Tech industry losing steam for DE&I, finds TTC report

While the technology industry has made progress with diversity, equity and inclusion (DE&I) initiatives over the past five years, carelessness, budget cuts and rollbacks threaten to pause or reverse progress, the Tech Talent Charter (TTC) has found.

In its 2023 annual benchmarking report, the not-for-profit warned of “concerning changes” across the tech landscape, including a lack of leadership buy in and the risk of DE&I initiatives becoming performative rather than intentional.

The report stated: “Market tides are turning away from D&I despite the many powerful and enduring business cases in its favour. So, if we are going to eradicate some of these issues, we have to do it now before the window of opportunity narrows even further.”

Stating it has seen a shift over the past three years, TTC claimed in its report the outspoken effort tech firms were making three years ago are in many cases now being “shelved” in favour of other business priorities, with those who are fighting for DE&I either being made redundant or having to drop their efforts to focus on their core tasks.

The report said: “Painstakingly won D&I progress is at risk of being lost, and if we continue with the current trajectory it’s going to get worse.”

As Computer Weekly previously reported, TTC signatories are more dedicated when it comes to their D&I efforts, and therefore their figures positively reflect this effort, but the picture is more bleak for the industry as a whole.

As an example, the percentage of women and non-binary tech workers in TTC signatories reached 29% in 2023, whereas BCS figures reported women made up 20% of those in tech roles – TTC pointed out that the number of people who reported as non-binary was so small that the 29% figure practically represents only women.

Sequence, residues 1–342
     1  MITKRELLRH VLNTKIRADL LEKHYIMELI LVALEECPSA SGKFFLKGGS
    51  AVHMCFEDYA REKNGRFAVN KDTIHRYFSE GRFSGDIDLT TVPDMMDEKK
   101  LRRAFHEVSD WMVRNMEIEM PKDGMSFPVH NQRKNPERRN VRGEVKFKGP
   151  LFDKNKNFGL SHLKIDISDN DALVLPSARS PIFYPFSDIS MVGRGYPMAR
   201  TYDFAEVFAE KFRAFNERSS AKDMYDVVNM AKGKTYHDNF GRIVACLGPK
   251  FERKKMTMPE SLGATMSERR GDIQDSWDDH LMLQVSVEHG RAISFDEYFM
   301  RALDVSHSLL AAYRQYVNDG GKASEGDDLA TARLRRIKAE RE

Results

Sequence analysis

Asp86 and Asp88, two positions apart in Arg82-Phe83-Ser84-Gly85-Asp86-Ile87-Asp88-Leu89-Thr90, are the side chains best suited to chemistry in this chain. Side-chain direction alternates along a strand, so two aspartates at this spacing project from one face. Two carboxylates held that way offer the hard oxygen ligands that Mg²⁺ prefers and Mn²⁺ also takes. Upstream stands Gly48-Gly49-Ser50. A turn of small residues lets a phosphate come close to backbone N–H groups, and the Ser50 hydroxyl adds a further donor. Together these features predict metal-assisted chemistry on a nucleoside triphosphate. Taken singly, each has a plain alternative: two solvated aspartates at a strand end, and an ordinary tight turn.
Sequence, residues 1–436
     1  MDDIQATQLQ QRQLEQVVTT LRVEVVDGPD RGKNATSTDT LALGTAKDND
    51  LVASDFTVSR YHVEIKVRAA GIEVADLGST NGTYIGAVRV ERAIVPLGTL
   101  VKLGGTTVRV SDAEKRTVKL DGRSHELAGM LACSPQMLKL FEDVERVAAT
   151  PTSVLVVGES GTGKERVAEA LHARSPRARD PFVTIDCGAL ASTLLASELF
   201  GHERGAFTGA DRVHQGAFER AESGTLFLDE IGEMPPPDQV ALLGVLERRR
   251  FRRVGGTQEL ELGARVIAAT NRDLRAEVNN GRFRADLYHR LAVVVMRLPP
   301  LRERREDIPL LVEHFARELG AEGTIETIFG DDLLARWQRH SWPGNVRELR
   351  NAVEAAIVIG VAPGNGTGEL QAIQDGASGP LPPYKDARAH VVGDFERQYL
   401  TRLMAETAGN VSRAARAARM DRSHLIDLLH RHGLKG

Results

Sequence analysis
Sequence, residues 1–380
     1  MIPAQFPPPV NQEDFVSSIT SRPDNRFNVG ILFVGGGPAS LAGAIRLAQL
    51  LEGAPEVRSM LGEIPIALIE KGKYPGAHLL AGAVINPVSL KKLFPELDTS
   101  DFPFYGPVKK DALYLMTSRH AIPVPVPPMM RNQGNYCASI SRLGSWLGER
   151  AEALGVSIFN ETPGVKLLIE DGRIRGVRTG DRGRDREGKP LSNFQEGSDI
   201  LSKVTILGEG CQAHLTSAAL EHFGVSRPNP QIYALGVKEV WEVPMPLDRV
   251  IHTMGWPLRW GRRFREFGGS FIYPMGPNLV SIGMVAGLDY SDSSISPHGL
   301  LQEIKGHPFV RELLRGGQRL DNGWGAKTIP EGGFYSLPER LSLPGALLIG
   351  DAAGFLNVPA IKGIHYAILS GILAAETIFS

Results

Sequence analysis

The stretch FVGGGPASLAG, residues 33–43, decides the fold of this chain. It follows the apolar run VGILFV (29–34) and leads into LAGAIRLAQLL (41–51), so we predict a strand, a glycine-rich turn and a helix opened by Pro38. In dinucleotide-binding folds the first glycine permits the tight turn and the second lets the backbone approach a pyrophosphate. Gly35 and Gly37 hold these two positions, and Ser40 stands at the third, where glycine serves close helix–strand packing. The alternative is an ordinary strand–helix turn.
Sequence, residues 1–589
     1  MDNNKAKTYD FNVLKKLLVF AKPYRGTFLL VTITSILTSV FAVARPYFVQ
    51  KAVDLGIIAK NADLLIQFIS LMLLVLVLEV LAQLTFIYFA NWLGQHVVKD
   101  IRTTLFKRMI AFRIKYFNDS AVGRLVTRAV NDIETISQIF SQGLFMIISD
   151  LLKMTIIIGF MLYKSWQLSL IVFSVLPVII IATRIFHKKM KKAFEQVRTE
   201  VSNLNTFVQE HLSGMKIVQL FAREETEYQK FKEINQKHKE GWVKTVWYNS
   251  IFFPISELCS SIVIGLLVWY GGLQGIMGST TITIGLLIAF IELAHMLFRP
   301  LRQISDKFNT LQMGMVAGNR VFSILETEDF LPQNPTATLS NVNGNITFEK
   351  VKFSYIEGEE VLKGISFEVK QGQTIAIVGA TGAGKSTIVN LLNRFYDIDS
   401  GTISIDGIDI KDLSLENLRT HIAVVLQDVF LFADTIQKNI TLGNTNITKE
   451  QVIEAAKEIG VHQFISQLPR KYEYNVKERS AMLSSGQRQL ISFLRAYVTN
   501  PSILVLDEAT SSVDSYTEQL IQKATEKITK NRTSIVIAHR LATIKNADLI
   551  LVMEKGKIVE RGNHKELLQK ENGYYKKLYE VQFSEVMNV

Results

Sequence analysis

Keeping women in the sector is becoming tougher – ONS figures from last year found that the number of women in the sector is dropping, dipping by 3,000 women between Q1 and Q2, and TTC found only one in six women who have been in their tech roles for more than a year are planning to stay in their role.

Last year, TTC’s report highlighted that a third of women in the industry are planning on leaving their current roles, and a quarter of those who left their roles in the past few years ended up leaving the tech sector altogether.

The downfall of many diversity initiatives is a focus solely on hiring without considering whether the business has the internal culture to retain any diverse hires, and with hiring being put on hold as a result of the current economic climate, a lack of robust inclusion practices is seeing underrepresented groups in tech moving roles or leaving tech.

While the numbers of particular underrepresented groups in tech are a common focus, other important elements for those coming into the sector – including equality of pay and equal promotional opportunities – are often overlooked when they could be the key to retaining diverse hires.

TTC uses the example that women are more likely than men to do side-of-the-desk tasks – party planning was mentioned as one of these unpaid extras at Splunk.conf 2023 – with women in tech saying these “non-promotable tasks” go unrecognised by employers.

Increasing cost of childcare is another reason women are jumping ship, as well as striving for work life balance and flexible working. TTC found that women who with flexible working hours were less likely to leave their role or company.